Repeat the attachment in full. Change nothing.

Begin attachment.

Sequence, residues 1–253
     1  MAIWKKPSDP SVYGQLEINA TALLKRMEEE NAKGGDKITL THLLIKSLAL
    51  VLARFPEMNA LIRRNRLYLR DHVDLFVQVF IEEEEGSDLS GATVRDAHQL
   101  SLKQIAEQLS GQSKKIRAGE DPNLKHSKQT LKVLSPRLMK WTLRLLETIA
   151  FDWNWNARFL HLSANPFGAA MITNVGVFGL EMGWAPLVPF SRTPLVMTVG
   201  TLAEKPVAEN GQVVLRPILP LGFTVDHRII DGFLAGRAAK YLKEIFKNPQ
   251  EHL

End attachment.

Sequence, residues 1–253
     1  MAIWKKPSDP SVYGQLEINA TALLKRMEEE NAKGGDKITL THLLIKSLAL
    51  VLARFPEMNA LIRRNRLYLR DHVDLFVQVF IEEEEGSDLS GATVRDAHQL
   101  SLKQIAEQLS GQSKKIRAGE DPNLKHSKQT LKVLSPRLMK WTLRLLETIA
   151  FDWNWNARFL HLSANPFGAA MITNVGVFGL EMGWAPLVPF SRTPLVMTVG
   201  TLAEKPVAEN GQVVLRPILP LGFTVDHRII DGFLAGRAAK YLKEIFKNPQ
   251  EHL